On Monday, the Supreme Court of the United States announced it would be hearing multiple cases dealing with race-based admissions practices at two colleges: Harvard University and the University of North Carolina. Alex Deise, an attorney and policy manager at FreedomWorks told The Daily Wire that the Court’s decision has the potential to be “historic” and the decision could abolish the ability for higher education to use race-based affirmative action in admissions.
“The Supreme Court agrees to hear a pair of cases that challenge the race-based affirmative action policies for admission at Harvard University and the University of North Carolina,” SCOTUS Blog reported Monday. “The cases likely will be argued next term.”
The Daily Wire reported on Monday that the court “will decide if the admissions processes violate civil rights laws. Both Harvard and UNC have been sued over apparent discrimination against Asian and white Americans.”
Deise, a regular commenter on the court, believed the court should overturn previous cases that allow for race-based practices.
“By taking these cases, the Supreme Court has a historic opportunity to eliminate the ability of colleges and universities to explicitly discriminate on the basis of race in their admissions process,” Deise told The Daily Wire.
“The Court made a serious mistake in Grutter v Bollinger (2003) when it upheld these processes under the false notion that the educational benefits from a diverse student body was more important than the Equal Protection Clause’s central command of race neutrality,” he added. “The Court should overrule Grutter and heed Chief Justice Roberts advice from a similar case that ‘[t]he way to stop discrimination on the basis of race is to stop discriminating on the basis of race.'”
The Daily Wire noted Monday that conservative justices like Clarence Thomas appear ready to strike down affirmative action, even likening the practice to “bigotry” which hurts all Americans in one way or another regardless of race:
“I note that racial engineering does in fact have insidious consequences,” Thomas wrote, concerning a challenge to an affirmative action program at the University of Texas. “There can be no doubt that the University’s discrimination injures white and Asian applicants who are denied admission because of their race. But I believe the injury to those admitted under the University’s discriminatory admissions program is even more harmful.”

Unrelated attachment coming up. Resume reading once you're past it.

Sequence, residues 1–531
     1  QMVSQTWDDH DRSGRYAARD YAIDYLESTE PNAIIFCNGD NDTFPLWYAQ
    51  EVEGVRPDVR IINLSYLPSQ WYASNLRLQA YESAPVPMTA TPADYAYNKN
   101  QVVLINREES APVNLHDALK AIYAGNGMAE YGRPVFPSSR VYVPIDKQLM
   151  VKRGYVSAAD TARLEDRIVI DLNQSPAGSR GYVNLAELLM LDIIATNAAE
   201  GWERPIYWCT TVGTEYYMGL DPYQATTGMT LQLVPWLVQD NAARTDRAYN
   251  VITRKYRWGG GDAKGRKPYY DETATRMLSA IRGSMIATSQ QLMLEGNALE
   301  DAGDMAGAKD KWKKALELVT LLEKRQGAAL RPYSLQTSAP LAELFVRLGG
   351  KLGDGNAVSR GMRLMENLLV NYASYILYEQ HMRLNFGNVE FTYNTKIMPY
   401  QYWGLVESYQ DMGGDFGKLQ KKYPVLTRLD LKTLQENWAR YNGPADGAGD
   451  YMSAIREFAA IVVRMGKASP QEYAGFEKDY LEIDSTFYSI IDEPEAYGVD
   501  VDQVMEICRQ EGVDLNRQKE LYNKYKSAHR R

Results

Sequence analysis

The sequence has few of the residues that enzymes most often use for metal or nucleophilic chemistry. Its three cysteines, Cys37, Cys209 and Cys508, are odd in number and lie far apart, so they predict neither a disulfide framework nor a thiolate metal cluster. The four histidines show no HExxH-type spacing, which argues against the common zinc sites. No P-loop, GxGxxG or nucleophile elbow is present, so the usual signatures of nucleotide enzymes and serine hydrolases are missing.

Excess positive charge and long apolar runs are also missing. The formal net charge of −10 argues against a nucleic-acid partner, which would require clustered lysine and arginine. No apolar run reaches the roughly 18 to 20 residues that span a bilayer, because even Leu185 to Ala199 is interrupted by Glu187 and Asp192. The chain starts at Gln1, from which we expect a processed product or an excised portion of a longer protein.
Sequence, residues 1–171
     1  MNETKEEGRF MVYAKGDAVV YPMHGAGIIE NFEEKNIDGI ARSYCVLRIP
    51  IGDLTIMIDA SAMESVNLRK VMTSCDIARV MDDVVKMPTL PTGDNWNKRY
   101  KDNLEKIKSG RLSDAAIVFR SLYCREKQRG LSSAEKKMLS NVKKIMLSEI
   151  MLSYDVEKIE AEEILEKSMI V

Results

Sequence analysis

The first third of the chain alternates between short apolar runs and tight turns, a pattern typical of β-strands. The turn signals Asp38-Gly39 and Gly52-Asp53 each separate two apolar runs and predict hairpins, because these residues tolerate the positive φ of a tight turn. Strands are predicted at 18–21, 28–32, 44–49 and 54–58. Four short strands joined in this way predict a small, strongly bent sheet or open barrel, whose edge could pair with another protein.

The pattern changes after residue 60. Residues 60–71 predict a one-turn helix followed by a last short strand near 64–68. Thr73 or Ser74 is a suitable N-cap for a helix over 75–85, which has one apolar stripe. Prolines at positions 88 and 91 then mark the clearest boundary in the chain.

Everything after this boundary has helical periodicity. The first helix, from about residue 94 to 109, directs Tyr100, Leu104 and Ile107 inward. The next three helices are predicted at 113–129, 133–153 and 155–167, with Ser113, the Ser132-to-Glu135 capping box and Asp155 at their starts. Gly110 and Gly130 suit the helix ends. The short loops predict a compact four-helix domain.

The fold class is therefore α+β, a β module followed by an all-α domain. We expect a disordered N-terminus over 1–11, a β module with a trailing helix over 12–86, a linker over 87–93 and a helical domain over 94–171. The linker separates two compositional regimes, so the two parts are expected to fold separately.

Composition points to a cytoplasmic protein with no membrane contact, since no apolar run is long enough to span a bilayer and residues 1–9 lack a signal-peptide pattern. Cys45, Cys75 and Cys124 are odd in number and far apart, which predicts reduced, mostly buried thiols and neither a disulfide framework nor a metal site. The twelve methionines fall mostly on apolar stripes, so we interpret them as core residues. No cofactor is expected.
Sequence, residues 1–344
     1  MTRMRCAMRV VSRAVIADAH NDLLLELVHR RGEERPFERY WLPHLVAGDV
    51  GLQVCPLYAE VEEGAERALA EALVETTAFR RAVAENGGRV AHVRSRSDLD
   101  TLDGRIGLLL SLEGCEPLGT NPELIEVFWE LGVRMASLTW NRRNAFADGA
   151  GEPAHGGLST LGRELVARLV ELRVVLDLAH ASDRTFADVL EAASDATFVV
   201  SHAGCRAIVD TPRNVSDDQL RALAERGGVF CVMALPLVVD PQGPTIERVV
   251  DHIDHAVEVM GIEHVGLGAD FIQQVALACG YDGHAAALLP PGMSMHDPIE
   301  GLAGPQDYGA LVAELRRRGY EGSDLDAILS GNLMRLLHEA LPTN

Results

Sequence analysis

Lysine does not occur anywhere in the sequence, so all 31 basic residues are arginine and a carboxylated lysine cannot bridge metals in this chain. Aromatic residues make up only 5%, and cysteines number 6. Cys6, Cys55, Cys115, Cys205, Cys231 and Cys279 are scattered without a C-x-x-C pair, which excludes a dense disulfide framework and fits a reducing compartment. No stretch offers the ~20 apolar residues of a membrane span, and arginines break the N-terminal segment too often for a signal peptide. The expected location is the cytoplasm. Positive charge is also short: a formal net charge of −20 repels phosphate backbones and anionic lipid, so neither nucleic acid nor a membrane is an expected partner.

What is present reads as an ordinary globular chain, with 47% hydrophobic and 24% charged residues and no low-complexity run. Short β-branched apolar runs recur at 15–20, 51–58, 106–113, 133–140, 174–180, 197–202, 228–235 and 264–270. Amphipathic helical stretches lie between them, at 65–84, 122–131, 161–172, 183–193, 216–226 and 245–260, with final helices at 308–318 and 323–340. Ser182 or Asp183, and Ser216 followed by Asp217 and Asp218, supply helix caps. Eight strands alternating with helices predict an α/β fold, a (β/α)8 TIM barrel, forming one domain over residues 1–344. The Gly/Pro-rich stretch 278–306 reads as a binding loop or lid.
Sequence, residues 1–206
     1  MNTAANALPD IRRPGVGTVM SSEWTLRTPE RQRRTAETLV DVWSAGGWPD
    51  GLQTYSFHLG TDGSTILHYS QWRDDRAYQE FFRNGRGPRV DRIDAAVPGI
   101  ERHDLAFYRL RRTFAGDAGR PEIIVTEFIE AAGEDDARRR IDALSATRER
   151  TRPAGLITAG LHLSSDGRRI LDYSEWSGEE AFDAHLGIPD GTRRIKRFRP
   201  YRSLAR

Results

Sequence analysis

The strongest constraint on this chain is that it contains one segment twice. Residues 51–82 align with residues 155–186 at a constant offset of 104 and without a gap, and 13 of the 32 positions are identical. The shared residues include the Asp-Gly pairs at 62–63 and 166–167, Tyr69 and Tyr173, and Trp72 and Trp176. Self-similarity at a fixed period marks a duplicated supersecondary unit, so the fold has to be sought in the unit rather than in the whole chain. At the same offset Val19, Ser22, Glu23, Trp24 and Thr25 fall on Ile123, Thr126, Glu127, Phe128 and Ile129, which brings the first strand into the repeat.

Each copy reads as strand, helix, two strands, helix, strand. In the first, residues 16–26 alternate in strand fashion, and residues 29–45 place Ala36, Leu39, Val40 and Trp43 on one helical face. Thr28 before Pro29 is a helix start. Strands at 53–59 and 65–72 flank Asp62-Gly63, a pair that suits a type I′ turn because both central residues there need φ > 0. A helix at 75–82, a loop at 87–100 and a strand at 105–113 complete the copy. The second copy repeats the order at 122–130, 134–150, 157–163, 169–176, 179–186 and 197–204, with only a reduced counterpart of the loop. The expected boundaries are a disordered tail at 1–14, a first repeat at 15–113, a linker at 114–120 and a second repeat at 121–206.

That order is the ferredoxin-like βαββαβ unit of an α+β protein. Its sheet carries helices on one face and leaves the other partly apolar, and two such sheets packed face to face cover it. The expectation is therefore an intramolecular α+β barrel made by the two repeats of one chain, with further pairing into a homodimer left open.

“Blacks and Hispanics admitted to the University as a result of racial discrimination are, on average, far less prepared than their white and Asian classmates,” Thomas said.
“The University admits minorities who otherwise would have attended less selective colleges where they would have been more evenly matched,” he argued. “But, as a result of the mismatching, many blacks and Hispanics who likely would have excelled at less elite schools are placed in a position where underperformance is all but inevitable because they are less academically prepared than the white and Asian students with whom they must compete. Setting aside the damage wreaked upon the self- confidence of these overmatched students, there is no evidence that they learn more at the University than they would have learned at other schools for which they were better prepared. Indeed, they may learn less.”
Now, with a 5-4 decision, Thomas and others on the court could rule in these cases once and for all that affirmative action violates the U.S. Constitution.